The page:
A true story about the death of my grandfather.
| The worst day of my childhood started out normally enough; it was a Saturday, and like most twelve year-olds I woke up early. Unlike most Saturdays, however, I woke up excited and eager to start the day, because that was the day that Dad was supposed to take me to the store to get a new bicycle for my birthday, which was a month previous. You see, I'd spent the past summer in Germany with my grandparents and had been home barely two days.
That summer was the best summer of my young life -- it marked the first time I'd travelled by myself anywhere, and I hadn't seen my grandparents in over two years. I spent most of my days with my grandfather, Klaus, going on trips around Germany with him and spending a lot of time with him. He told me stories of his childhood -- treasured recordings which I still have on tape. Every Monday evening, we would go to the nearby Army base to the Kontakt (German-American Friendship Club) meetings and socialise; occasionally we would go on a trip with the club. Thursday mornings was his day to go to the Air Force base across the street from his apartment to give a briefing to new arrivals on German culture. At home, we would listen to music, watch television, and just generally hang out; I loved it when he would very lightly run the tip of his finger over the back of my neck.
At only 57 years old, Klaus was already retired for medical reasons, so it was my grandmother who worked during the day. Whenever Klaus and I went out into the city, he always made sure to buy fresh flowers for her before we came home. Her return from work was always a special time for me as well, because she carried on a tradition that we'd started when I was seven years old -- "magic." Magic consisted of nothing more than my closing my eyes, holding out my hand, and receiving a treat she'd bought on her way home, usually a chocolate. At eleven and twelve years old, I was on the cusp of outgrowing our tradition, but chocolate is a powerful incentive for a young boy to continue with such things. The time right before bed in the evenings was "candle time" for Klaus and me; he would sit in my room and tell me stories by candle light.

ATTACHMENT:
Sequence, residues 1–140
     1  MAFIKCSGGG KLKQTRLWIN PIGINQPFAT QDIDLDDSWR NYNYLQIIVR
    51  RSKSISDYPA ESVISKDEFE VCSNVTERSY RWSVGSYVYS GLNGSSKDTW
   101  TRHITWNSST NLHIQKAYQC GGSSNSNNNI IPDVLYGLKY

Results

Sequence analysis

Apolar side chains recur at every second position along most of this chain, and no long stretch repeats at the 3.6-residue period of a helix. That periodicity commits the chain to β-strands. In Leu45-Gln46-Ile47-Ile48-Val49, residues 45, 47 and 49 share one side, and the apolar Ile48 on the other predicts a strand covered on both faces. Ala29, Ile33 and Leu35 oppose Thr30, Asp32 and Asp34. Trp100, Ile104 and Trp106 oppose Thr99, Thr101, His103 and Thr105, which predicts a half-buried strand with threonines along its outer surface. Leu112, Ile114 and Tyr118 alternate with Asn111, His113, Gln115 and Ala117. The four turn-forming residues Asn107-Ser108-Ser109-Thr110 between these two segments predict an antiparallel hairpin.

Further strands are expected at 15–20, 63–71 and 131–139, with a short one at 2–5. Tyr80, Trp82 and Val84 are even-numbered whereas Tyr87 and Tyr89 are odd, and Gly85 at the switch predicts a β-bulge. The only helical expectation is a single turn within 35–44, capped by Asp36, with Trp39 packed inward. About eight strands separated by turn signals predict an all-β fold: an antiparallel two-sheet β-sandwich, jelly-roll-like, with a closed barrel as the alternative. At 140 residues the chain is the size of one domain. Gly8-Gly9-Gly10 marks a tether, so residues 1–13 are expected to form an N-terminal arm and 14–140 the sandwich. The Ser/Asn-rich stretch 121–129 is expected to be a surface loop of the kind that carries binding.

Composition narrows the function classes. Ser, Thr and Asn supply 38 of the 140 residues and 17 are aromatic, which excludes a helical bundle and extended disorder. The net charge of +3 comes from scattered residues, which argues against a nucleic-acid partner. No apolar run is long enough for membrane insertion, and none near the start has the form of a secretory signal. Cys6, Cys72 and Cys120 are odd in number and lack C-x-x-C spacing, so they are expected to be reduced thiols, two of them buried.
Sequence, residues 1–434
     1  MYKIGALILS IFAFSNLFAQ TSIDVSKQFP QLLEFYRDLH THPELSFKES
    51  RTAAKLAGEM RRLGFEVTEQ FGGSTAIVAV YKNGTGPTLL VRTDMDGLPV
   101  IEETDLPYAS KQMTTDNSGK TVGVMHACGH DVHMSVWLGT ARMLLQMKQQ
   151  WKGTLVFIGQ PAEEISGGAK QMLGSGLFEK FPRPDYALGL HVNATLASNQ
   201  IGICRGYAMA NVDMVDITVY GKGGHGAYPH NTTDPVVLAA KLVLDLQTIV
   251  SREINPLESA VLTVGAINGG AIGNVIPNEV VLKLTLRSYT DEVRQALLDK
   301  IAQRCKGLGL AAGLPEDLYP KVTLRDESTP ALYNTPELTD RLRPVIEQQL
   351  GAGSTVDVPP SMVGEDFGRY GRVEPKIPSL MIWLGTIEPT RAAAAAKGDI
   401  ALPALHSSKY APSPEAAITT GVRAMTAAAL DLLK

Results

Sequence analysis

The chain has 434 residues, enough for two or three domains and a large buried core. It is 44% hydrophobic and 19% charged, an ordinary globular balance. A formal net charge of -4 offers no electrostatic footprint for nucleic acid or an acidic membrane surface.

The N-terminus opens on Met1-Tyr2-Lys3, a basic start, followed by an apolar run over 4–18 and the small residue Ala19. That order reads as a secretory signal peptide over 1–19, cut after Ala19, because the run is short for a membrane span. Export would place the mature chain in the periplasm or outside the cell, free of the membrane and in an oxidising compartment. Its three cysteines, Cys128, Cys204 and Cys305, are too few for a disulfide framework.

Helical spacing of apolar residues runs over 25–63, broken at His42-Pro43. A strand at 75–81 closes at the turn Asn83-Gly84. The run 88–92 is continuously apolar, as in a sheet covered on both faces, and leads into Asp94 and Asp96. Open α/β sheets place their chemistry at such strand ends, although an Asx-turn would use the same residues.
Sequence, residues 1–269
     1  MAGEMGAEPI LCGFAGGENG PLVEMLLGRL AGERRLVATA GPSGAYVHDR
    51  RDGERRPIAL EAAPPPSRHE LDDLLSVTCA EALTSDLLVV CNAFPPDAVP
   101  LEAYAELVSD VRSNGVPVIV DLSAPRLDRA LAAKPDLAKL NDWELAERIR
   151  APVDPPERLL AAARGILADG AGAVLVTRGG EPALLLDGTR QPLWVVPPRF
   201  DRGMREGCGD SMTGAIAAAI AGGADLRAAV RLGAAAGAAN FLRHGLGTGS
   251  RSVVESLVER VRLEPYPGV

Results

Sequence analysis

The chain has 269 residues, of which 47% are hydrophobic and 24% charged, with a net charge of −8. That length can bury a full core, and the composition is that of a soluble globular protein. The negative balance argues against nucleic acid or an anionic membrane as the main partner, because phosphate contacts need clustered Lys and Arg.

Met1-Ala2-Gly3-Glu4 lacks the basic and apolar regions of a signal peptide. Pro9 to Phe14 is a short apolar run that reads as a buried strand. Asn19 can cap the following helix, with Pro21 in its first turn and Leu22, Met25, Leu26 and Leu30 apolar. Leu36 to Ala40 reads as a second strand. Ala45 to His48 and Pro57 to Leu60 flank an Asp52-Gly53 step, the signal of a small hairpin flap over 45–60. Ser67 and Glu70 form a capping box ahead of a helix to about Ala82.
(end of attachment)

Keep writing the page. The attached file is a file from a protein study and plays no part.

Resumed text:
I celebrated my twelfth birthday in Germany, and the rest of my extended family in Germany came to celebrate with us. My grandmother made two birthday cakes -- one for the candles to be blown out and to share with everyone, and one for me to have to myself. The most amusing thing that happened that day was when one of the cake decorations caught fire from a candle. That evening, my parents called to wish me a happy birthday and told me that I could get a new bike when I came home. My old one had gotten run over by a pickup truck a few months earlier so I was very excited about that.
The day I left to return home was tough. I had trouble falling asleep the night before so I was somewhat tired when we went to the airport. The entire family came out to see me off, and we spent the last hour or so together before I had to board the plane. As we hugged and said our goodbyes, Klaus told me to call when I got home so they'd know I got home safely.
It was a long flight from Frankfurt to Sea-Tac and I was exhausted, yet excited, when I finally landed and saw my parents and younger brother. By the time we got to the house, I needed to sleep and didn't wake up until the next morning. That day, I went to hang out with my best friend who I hadn't seen since school let out for summer vacation. We spent the entire day together playing and I told him of all my adventures. That evening, I asked Dad when we could go get my bike, and he told me we would go the following day.